Lagar, Humberto v. Tegels, Lizzie et al

Filing 56

Transmission of Notice of Appeal, Docket Sheet and Judgment to Seventh Circuit Court of Appeals re 54 Notice of Appeal. (Attachments: # 1 Order, 3/7/17, # 2 Order, 10/23/15, # 3 Judgment, # 4 Docket sheet) (jef),(ps)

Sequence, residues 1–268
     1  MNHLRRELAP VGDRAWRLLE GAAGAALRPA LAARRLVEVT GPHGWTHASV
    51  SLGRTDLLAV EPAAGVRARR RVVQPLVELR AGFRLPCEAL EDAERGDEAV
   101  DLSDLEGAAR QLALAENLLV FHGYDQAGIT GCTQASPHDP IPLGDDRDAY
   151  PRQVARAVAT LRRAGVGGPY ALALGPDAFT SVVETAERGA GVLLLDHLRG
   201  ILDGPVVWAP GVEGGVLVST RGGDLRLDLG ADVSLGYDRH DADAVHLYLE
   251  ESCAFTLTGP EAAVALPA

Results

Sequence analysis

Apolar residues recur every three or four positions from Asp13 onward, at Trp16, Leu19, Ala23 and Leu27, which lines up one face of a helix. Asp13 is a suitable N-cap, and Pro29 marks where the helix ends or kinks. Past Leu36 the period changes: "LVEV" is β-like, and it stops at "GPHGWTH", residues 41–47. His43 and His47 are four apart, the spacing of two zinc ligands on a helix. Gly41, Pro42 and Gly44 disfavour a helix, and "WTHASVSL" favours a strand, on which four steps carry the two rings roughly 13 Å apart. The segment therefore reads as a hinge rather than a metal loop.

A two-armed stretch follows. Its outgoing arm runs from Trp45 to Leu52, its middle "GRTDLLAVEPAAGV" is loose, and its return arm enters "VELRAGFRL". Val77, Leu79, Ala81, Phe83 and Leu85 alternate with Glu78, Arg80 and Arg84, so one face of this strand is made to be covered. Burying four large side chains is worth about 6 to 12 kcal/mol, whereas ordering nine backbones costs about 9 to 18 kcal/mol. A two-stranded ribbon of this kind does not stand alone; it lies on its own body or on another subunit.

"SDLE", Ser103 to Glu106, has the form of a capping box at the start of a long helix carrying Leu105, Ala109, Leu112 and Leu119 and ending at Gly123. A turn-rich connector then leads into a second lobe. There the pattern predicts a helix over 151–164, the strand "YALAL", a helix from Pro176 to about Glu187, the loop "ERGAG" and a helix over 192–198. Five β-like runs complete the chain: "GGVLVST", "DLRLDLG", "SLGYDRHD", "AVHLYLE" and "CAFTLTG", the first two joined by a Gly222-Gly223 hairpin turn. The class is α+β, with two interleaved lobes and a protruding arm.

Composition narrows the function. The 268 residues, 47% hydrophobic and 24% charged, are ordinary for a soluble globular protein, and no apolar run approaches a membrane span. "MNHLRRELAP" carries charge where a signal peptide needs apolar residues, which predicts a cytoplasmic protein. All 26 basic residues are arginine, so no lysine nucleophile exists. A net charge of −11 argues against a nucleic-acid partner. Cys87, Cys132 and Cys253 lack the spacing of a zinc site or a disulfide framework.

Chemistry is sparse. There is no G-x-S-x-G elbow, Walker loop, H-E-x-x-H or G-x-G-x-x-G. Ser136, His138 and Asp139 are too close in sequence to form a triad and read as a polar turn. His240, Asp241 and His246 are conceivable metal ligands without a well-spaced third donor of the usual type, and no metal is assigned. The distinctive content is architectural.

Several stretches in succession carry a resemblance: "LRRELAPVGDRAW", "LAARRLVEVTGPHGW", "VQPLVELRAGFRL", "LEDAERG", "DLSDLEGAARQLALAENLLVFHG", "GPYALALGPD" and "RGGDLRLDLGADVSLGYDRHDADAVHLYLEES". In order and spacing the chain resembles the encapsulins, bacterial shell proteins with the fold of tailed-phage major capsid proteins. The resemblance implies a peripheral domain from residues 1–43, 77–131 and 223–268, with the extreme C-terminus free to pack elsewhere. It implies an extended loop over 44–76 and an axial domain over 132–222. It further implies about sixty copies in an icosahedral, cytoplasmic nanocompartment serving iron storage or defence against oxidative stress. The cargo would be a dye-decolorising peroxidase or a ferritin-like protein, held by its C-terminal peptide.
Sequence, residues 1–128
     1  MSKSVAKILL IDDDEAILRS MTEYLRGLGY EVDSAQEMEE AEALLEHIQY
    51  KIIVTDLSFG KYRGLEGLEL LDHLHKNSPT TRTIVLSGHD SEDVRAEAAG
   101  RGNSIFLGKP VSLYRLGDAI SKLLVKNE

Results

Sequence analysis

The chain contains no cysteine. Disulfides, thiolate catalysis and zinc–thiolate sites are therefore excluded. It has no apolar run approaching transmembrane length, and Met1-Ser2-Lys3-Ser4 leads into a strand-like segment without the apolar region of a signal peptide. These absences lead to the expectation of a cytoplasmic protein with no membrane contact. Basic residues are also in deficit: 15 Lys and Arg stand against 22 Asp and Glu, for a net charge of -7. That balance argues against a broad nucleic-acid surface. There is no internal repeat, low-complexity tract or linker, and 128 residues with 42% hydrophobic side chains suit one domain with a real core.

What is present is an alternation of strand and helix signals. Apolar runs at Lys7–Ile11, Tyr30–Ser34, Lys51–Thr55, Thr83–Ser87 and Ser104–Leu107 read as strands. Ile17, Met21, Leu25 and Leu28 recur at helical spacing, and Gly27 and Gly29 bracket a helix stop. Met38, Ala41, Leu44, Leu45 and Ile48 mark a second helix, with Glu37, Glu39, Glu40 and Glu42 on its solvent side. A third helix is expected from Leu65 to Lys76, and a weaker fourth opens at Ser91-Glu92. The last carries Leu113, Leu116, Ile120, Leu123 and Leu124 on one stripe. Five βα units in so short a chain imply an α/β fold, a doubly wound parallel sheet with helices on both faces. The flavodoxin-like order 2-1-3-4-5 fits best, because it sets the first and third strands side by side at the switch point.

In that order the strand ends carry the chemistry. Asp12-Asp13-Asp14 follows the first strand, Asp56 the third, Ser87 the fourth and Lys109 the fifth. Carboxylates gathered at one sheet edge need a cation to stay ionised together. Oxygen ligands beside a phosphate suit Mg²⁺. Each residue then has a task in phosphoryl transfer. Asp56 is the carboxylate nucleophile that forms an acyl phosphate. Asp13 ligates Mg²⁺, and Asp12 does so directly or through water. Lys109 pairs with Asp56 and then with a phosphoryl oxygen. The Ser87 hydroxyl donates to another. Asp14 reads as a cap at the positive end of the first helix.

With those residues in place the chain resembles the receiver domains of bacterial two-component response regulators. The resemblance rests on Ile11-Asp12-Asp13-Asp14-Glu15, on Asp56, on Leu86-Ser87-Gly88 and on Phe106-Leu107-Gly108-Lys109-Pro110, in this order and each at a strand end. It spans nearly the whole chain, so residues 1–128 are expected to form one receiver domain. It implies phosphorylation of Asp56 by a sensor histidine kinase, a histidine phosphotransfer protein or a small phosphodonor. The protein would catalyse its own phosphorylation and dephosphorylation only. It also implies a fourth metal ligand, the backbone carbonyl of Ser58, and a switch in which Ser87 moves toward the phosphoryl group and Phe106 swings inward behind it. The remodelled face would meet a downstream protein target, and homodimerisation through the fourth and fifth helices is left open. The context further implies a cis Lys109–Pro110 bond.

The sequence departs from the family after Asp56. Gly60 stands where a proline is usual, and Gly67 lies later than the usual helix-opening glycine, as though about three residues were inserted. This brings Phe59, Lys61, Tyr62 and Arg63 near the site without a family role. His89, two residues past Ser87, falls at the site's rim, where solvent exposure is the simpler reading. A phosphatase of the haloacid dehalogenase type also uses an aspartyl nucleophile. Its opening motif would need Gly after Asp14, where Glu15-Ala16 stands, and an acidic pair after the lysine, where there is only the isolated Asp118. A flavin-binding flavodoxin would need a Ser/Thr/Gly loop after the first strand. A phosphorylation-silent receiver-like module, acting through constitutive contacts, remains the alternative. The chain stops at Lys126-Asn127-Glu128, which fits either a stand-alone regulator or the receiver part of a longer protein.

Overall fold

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IN THE UNITED STATES DISTRICT COURT FOR THE WESTERN DISTRICT OF WISCONSIN HUMBERTO LAGAR, Petitioner, OPINION AND ORDER v. 13-cv-489-wmc LIZZIE TEGELS, Warden, Jackson Correctional Institution, Respondent. On October 23, 2015, this court denied petitioner Humberto Lagar’s petition for a writ of habeas corpus under 28 U.S.C. § 2254, in which he had argued that the Parole Commission’s decision to keep him incarcerated beyond his September 8, 2009, presumptive mandatory release for refusing to participate in a Residential Alcohol and Other Drug Abuse (“AODA”) treatment program violated his constitutional rights. (Dkt. #47.) The court concluded that Lagar did not have a protectable liberty interest in parole under the presumptive mandatory release scheme that governed his sentence, nor did he have a protectable liberty interest in not being required to participate in a treatment program as a condition of parole. Additionally, Lagar had not shown that he had been deprived of a liberty interest created by the presumptive mandatory release statute itself by being required to participate in the particular AODA program offered at Jackson Correctional Institution. Lagar has now filed a motion to alter or amend the judgment under Fed. R. Civ. P. 59(e). He argues that the court erred by rejecting his arguments that requiring treatment as a condition of parole was unconstitutional because the treatment requirement: (1) was akin to forcing someone to take antipsychotic medication; (2) improperly punished him for 1 being a drug addict; and (3) violated the presumptive mandatory release statute’s prohibition on conditioning parole on certain types of treatment programs. Lagar’s arguments are meritless. The court already considered and rejected each of these arguments in the October 23, 2015 decision. (Dkt. #47 at 5-7.) With respect to the first two arguments, Lagar simply repeats the same arguments he made previously; he has cited no new evidence or legal authority that was not already considered and addressed in the previous decision. The court declines to address those arguments further. With respect to the third argument, Lagar argues that this court erred in concluding that the Parole Commission’s decision to condition his parole on completing treatment violated the presumptive mandatory release statute, Wis. Stat. § 302.11(1g)(b)(2), which states that the “parole commission may not deny presumptive mandatory release to an inmate because of the inmate’s refusal to participate in a rehabilitation program under s. 301.047.” Wis. Stat. § 302.11(1g)(b)(2) (emphasis added). In the October 23, 2015, decision, this court rejected this argument because Lagar had failed to prove that Jackson’s residential AODA program qualified under § 301.047, as that statute relates only to inmate rehabilitation programs run by “nonprofit community-based organizations” and meeting a number of requirements, including that the organization receive no compensation from DOC and agrees to provide “community-based aftercare services for each inmate who completes the program.” Wis. Stat. § 301.047(1),(2). Lagar had not shown that Jackson’s AODA program was operated by a nonprofit community based organization meeting those requirements. (Dkt. #47 at 8.) Accordingly, Lagar’s “new evidence” does not undermine this court’s previous decision. 2 In what is apparently an attempt to make these showings, Lagar has attached to his Rule 59(e) motion a brochure from “Horizon Healthcare,” describing the services it provides. (Dkt. #49-3). But nothing in the brochure establishes that the program Horizon provides at Jackson meets the requirements of § 301.047. The brochure does not describe Horizon as a “nonprofit community based organization” or an organization that provides “community-based aftercare services for each inmate who completes the program.” To prevail on a Rule 59(e) motion, Lagar must “clearly establish” (1) that the court committed a manifest error of law or fact, or (2) that newly discovered evidence precluded entry of judgment. Blue v. Hartford Life & Acc. Ins. Co., 698 F.3d 587, 598 (7th Cir. 2012) (quoting Harrington v. City of Chicago, 433 F.3d 542, 546 (7th Cir. 2006)). Because Lagar has not met this burden, his motion will be denied. ORDER IT IS ORDERED THAT Humberto Lagar’s Motion to Alter or Amendment the Judgment under Fed. R. Civ. P. 59(e) is DENIED. Entered this 7th day of March, 2017. BY THE COURT: /s/ ________________________________________ WILLIAM M. CONLEY District Judge 3

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